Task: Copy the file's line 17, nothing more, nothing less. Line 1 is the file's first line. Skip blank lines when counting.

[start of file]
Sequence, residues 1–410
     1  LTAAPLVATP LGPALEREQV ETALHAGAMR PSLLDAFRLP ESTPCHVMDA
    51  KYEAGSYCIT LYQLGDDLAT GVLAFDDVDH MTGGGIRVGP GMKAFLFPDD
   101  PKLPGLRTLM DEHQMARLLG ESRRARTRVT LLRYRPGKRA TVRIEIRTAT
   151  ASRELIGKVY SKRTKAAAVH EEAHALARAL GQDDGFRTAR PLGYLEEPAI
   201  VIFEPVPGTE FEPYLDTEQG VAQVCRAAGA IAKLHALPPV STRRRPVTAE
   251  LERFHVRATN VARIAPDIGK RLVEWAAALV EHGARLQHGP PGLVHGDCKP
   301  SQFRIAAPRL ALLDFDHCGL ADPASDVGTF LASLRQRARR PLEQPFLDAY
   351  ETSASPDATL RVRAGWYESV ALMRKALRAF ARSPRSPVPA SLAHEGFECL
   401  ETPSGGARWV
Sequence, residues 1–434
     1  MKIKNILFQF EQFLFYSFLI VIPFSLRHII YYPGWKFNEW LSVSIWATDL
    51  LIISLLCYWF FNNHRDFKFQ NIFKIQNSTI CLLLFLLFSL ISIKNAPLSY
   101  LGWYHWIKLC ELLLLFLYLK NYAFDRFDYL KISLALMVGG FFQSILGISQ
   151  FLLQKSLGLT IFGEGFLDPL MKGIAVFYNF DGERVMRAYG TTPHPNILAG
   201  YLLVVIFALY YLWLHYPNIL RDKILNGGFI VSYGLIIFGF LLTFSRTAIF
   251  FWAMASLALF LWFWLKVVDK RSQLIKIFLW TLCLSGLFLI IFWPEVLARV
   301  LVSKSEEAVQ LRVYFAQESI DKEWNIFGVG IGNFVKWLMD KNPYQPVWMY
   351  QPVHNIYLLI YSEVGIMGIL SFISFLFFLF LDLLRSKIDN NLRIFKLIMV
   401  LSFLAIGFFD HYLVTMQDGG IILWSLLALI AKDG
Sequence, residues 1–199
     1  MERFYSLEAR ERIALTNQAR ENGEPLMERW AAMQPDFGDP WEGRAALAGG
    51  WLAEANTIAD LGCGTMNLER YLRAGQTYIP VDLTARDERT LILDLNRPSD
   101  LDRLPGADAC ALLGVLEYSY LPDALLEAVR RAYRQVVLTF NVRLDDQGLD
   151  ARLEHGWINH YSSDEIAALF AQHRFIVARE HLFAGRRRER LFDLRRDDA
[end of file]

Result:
   251  FWAMASLALF LWFWLKVVDK RSQLIKIFLW TLCLSGLFLI IFWPEVLARV